The coronavirus epidemic, which was declared a “pandemic” by the World Health Organization on March 11, 2020 and is having a global impact, has affected all of our lives and has also had a major impact on the frame of psychotherapy. Even those skeptical of online work have had to switch to online psychotherapy due to the obligations of the epidemic on our daily lives and in order to maintain a safe work environment. Let us explore the frame of online psychotherapy with some sub points.
1) Environment of Uncertainty
The change in the working frame of psychotherapy and the shift to online work happened very abruptly. Changes experienced in psychotherapeutic work usually happen by noticing in advance as much as possible and by taking time to work on the change. In psychotherapy; holidays, change of payment, finalization of the therapy process and change of room and move are informed in advance and the connotations, feelings and thoughts created by this situation are explored and studied psychotherapeutically.
Certainty, clarity about what to do and how, are important to ensure a sense of “stability” and not being shaken. The environment of uncertainty imposed by the outside world due to the coronavirus epidemic has resulted in the psychotherapist’s inability to maintain stability and certainty of frame. Both the psychotherapist and the client are trapped in the same uncertain external world. Questions such as “when, what will happen, how long will it last, when will it end” cannot be answered. Due to this sudden emergence and unanswered questions, there is no clear advice for the process of uncertainty yet. How this process is experienced, and the clarification of the answers will be possible in the future. What defines the “now” is “experimentation.” Experimenting, trying to adapt…
2) Being Safe: Change at a Safe Working Distance
One of the most important features that the psychotherapy frame should offer is the state of “being safe”. The psychotherapy frame offers some conditions for the safe conduct of the psychotherapeutic relationship and the psychotherapeutic work: It is important that the psychotherapist can perform the psychotherapeutic work freely and without fear, thanks to the limited duration of the sessions, the performance of the sessions in a certain period of time, the prohibition of touching, the prohibition of developing a relationship other than the therapeutic relationship, the work is performed only to meet the psychological needs of the client, and the frame rules protect the psychotherapist as well. Due to the coronavirus epidemic, it does not seem possible to work safely in a physical environment that is contagious, including airborne particles, and where there is a possibility of becoming infected and ill. In the days of the coronavirus epidemic, when being together in a physically enclosed space poses a risk to one’s own health and to the infection of others, the safest psychotherapeutic work setting is to not physically come together and to continue psychotherapeutic work without physically being together. The development of technology and its strong integration into our lives provide various ways to continue psychotherapeutic work without physically coming together. With the help of online platforms it is possible for us to reach each other with our voice and image.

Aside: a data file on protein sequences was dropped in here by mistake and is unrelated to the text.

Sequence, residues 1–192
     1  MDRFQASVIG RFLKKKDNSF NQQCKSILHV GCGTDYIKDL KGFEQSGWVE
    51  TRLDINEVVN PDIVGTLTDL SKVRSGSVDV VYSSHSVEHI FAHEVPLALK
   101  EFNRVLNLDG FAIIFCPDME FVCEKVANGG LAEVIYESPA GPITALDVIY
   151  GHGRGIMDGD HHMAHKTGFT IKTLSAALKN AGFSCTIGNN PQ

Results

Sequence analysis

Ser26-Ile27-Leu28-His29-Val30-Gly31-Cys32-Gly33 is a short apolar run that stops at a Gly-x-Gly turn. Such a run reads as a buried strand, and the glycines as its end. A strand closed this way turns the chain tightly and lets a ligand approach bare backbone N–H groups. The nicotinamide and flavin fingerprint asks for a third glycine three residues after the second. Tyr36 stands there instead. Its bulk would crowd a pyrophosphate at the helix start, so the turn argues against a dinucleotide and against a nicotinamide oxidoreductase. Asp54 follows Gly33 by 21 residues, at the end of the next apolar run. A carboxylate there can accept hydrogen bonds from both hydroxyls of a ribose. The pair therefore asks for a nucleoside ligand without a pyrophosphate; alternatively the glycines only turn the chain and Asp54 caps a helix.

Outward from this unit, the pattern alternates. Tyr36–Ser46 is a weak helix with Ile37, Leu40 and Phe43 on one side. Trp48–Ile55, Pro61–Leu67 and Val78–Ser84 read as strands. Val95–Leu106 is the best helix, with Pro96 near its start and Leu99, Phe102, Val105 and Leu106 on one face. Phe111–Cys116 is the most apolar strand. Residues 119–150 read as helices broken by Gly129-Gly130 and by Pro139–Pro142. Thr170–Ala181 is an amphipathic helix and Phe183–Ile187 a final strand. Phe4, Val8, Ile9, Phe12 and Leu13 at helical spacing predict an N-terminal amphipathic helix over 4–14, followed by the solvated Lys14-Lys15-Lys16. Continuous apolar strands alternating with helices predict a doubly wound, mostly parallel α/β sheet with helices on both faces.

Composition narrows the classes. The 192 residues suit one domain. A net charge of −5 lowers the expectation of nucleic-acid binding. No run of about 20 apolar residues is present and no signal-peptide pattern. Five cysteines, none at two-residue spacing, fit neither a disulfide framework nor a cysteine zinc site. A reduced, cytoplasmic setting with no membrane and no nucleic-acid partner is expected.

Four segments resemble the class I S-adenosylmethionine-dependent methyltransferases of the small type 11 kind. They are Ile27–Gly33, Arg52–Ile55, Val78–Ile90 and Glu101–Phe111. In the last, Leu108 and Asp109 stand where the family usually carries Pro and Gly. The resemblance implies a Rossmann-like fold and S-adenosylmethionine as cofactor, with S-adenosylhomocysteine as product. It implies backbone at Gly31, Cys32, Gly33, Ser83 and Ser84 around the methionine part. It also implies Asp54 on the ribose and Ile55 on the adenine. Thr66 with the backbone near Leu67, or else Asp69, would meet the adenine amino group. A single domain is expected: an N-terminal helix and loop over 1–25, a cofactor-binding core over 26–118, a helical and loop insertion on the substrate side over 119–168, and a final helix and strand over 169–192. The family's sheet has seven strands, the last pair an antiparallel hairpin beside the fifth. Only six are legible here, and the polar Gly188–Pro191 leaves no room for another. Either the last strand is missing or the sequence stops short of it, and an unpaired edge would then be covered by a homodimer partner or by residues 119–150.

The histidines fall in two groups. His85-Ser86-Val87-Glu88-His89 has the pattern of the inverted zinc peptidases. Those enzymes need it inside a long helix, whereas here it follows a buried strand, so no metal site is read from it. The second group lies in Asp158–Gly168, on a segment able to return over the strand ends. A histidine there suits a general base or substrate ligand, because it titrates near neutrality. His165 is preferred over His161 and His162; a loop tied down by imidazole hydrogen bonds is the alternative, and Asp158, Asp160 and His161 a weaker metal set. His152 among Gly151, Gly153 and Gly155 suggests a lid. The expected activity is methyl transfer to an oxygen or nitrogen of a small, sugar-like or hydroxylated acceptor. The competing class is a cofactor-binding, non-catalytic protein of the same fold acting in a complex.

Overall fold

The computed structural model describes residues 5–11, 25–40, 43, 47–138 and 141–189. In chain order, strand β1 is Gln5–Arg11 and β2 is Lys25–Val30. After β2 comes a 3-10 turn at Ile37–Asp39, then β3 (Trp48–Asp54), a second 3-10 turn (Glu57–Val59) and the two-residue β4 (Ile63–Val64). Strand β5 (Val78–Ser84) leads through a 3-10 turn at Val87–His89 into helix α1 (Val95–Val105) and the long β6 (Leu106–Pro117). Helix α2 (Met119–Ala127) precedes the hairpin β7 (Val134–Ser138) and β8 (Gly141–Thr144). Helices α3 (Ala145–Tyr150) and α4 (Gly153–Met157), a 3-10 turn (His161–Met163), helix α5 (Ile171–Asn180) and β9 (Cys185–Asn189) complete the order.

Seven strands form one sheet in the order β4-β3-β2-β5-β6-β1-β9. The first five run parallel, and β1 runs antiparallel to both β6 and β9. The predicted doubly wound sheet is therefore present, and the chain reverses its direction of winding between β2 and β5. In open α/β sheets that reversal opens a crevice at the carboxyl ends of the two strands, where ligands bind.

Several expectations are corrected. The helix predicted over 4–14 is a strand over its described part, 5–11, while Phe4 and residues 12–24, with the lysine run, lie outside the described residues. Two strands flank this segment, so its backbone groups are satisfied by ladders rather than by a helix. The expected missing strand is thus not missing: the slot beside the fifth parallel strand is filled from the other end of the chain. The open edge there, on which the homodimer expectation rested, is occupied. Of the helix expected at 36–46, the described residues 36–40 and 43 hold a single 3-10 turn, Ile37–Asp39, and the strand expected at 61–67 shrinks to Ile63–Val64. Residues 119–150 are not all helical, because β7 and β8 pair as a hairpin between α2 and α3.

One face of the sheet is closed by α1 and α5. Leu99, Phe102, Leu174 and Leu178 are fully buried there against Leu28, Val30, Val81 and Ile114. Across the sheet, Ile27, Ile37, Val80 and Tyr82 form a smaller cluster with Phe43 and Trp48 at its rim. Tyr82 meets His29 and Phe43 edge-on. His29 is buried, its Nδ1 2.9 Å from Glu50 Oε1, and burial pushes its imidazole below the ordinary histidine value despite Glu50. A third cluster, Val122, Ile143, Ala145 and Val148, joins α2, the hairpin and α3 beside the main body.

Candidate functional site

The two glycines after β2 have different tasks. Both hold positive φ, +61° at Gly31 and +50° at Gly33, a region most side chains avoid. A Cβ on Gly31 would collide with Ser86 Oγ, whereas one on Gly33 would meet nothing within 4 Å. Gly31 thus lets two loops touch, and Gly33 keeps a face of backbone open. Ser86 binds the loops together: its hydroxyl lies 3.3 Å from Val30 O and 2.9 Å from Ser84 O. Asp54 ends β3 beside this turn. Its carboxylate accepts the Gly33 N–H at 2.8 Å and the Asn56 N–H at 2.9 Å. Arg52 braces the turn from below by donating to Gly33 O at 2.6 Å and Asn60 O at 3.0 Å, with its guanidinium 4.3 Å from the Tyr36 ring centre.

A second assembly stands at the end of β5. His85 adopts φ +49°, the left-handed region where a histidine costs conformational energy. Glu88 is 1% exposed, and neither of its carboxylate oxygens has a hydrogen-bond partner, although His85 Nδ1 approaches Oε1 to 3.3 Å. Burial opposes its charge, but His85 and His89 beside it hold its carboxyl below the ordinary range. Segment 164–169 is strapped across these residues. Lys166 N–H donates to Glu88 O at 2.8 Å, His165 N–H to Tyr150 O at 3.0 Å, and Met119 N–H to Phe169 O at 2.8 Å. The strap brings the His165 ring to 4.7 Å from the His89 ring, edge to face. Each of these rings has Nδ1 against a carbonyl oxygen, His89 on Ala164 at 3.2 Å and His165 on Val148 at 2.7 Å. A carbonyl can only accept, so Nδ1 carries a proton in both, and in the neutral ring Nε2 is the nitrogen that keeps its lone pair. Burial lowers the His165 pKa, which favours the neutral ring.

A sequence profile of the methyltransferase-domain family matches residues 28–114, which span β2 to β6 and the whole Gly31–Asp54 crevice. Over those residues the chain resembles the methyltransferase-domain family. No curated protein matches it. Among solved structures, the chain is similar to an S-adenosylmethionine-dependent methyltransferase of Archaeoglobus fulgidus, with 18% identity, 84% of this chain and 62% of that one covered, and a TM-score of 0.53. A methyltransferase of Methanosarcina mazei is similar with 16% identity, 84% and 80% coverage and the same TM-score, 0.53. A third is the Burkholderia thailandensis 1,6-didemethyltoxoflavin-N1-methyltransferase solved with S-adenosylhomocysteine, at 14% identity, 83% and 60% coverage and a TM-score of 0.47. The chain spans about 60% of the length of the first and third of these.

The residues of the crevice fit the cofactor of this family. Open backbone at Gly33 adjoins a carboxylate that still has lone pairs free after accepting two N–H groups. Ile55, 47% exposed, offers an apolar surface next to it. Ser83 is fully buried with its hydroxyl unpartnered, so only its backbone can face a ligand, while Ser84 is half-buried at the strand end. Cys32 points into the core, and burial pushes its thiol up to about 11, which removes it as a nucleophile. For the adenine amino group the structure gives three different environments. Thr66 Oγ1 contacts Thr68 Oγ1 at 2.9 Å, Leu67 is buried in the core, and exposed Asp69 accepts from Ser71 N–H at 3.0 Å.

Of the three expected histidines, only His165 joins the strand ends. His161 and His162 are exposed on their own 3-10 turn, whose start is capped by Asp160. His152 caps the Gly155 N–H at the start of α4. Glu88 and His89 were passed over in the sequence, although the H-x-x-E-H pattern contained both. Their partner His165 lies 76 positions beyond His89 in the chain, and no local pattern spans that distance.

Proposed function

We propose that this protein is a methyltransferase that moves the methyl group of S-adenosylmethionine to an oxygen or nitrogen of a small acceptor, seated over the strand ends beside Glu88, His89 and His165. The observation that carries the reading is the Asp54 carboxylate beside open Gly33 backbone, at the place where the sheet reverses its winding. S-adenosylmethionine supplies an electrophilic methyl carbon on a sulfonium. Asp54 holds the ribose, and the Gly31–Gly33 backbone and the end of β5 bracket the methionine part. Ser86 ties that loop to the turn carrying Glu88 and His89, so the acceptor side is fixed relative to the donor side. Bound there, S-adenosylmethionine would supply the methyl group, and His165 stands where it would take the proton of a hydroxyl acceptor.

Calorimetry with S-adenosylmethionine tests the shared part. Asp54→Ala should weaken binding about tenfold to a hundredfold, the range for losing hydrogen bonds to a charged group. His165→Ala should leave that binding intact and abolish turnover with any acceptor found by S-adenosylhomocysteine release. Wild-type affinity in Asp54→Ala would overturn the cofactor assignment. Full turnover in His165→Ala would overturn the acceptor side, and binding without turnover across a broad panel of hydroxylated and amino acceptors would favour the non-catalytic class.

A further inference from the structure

3) Online platforms
In cases where the internet is not available and you do not feel ready for an online session, you can use phone calls. Applications like Skype, WhatsApp video chat, Facetime, Zoom, Whereby, Google Duo, Google Hangout can be used to connect with both video and audio. Different versions of these applications can be found on the internet. It is important to find a platform that can be shared and turned it into an online meeting space where the boundaries of the psychotherapeutic setting are protected during the session.
4) Maintaining the Psychotherapeutic Frame in the Online Session Room
- Confidentiality: Confidentiality and privacy in psychotherapy are very valuable to allow free association, i.e. to say what comes to mind, preferably without censorship, and to create a safe working environment. While ensuring the element of confidentiality in physical conversations is the responsibility of the psychotherapist, this time this responsibility belongs to both parties, as the psychotherapist and the client create their own physical spaces when working online. To ensure the confidentiality of the psychotherapy session, it is essential that no one else is in the space the client is using for the online session, that no one else / a third person is listening or witnessing the session. In addition, sessions should not be audio or video recorded.